Throughout this month, colleges in Canada have been piloting a scheme to make the overseas study process quicker and more efficient for students from Vietnam.

The Canada Express Study Program will run for 18-months, and will be made available to students who have gained admission to one of 38 participating members of the Colleges and Institutes Canada (CICAN) organisation.

The scheme seeks to significantly reduce time spent on visa processing from five months down to two or less, and students will not be required to present such hefty amounts of financial documentation in the course of the enrolment process.

Instead, students will need to pay their first year of tuition up front, and will also need to purchase a CAD$10,000 Guaranteed Investment Certificate (GIC) from Scotiabank to cover living costs for the first year of their studies.

The new program is modelled on a similar 2009 scheme called the Student Partners’ Project (SPP), which initially sought to provide simplified visa processing to students deriving from India. Data shows that after the program launch, approval rates jumped from 38 percent to 75 percent, and Indian student enrolments increased from 1,200 in 2008 to 14,000 last year. In 2011, the success of the program meant it was extended to include students originating from China.

Paul Brennan, vice president of international partnerships at CICAN, claims the program has been developed to address increasing interest in Canadian overseas study from potential students in Vietnam.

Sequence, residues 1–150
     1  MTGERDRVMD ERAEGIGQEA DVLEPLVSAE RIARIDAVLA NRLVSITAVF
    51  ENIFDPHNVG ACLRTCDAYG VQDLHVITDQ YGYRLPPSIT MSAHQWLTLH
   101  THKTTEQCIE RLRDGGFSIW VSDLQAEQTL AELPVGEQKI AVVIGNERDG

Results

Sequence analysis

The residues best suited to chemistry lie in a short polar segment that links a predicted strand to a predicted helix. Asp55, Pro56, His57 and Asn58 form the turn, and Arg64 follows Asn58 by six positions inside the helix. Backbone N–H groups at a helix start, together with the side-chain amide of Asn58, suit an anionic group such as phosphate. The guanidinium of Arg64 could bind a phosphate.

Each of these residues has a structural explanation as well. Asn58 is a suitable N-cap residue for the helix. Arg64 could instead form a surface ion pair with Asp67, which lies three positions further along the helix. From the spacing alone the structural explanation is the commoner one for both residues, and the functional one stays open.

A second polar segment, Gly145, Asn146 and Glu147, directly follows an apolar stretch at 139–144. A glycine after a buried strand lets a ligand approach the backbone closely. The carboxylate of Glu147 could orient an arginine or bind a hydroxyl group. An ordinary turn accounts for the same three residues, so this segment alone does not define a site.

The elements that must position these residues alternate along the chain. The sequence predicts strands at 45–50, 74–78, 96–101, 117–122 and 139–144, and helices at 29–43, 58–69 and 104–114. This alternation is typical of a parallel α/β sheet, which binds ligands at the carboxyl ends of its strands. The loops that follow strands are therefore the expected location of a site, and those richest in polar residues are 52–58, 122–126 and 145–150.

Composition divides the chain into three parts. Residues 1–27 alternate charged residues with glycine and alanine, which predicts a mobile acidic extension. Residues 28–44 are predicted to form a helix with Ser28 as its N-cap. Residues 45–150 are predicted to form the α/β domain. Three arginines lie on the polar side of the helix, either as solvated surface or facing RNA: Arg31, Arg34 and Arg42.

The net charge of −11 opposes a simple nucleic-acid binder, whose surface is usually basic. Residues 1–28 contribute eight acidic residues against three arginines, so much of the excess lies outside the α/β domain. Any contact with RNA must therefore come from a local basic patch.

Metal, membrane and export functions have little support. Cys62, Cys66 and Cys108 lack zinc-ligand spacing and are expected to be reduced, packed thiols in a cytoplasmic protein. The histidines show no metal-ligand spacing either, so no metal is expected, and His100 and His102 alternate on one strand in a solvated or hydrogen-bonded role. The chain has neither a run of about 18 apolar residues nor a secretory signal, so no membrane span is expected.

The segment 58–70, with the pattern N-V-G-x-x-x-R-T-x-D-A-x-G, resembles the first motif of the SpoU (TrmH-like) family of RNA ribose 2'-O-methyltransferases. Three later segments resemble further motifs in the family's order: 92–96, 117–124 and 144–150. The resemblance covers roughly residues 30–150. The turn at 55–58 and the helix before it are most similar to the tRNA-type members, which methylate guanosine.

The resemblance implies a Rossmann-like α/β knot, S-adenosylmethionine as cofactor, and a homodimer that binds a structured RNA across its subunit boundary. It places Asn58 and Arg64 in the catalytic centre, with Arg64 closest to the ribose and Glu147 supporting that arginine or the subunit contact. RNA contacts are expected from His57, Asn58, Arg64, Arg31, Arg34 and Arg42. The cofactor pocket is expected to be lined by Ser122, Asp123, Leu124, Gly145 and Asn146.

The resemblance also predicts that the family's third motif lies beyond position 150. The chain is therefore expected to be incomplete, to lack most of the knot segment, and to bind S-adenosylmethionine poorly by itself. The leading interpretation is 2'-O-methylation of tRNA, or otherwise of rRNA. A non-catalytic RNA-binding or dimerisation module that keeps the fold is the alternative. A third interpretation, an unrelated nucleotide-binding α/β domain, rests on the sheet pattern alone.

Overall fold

“We have a few hundred students, but the five months’ time to process and relatively low approval rates for colleges and institutes were a disincentive to apply to Canada,” he told The PIE News.

“This will hopefully bring us more in line with the US, the UK and Australia, who are attracting thousands of students.”

According to a 2015 CIBE report, Canada currently ranks as the seventh most popular overseas study destination for international students worldwide. There were 336,497 international students living in the region in 2014, representing an 83% increase since 2008, and an increase of 10% on figures from 2013.

In 2014, there were 4,843 Vietnamese students studying in Canada, amounting to 1.44 percent of the country’s total international student enrolments that year. Vietnam also represents one of the countries with the fastest growing number of students pursuing a Canadian education, with figures from the last academic year up 16 percent on those from 2013-14. Nigeria (+25%), Brazil (+15%) and France (+15%) also illustrate the global regions sending an increasing number of students to study abroad in Canada.

On top of the streamlined process for proving financial stability, Brennan notes that letters of acceptance from the institutions themselves will be much more clear and concise, providing all the information to meet the needs of Immigration Canada and allow them to assess more efficiently.

All prospective students must demonstrate proficiency in English with an overall IELTS score of 5.0, with no band less than 4.5, and must submit their application 60 days prior to the commencement of their course. Students must also go through a medical examination at least seven days before sending their application.

If the new Canada Express Study Program is successful, Brennan hopes the scheme will be expand to incorporate other student markets. “Next on the list is Nigeria which has excellent students but also a number of institutional challenges,” he said.

Image via Pixabay.

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